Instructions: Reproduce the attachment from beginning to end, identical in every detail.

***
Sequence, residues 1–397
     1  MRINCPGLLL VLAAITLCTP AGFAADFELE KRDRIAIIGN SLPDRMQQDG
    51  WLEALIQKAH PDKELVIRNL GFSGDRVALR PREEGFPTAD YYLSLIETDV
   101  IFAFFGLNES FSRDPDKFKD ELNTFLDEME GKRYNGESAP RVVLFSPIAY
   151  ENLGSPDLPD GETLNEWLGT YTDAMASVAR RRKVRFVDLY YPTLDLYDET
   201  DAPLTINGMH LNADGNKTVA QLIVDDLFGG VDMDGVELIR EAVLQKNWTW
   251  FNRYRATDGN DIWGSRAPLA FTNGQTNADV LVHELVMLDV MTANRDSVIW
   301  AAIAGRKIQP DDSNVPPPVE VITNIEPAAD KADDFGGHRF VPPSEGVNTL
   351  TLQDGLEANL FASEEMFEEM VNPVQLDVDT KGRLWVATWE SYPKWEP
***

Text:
Sequence, residues 1–397
     1  MRINCPGLLL VLAAITLCTP AGFAADFELE KRDRIAIIGN SLPDRMQQDG
    51  WLEALIQKAH PDKELVIRNL GFSGDRVALR PREEGFPTAD YYLSLIETDV
   101  IFAFFGLNES FSRDPDKFKD ELNTFLDEME GKRYNGESAP RVVLFSPIAY
   151  ENLGSPDLPD GETLNEWLGT YTDAMASVAR RRKVRFVDLY YPTLDLYDET
   201  DAPLTINGMH LNADGNKTVA QLIVDDLFGG VDMDGVELIR EAVLQKNWTW
   251  FNRYRATDGN DIWGSRAPLA FTNGQTNADV LVHELVMLDV MTANRDSVIW
   301  AAIAGRKIQP DDSNVPPPVE VITNIEPAAD KADDFGGHRF VPPSEGVNTL
   351  TLQDGLEANL FASEEMFEEM VNPVQLDVDT KGRLWVATWE SYPKWEP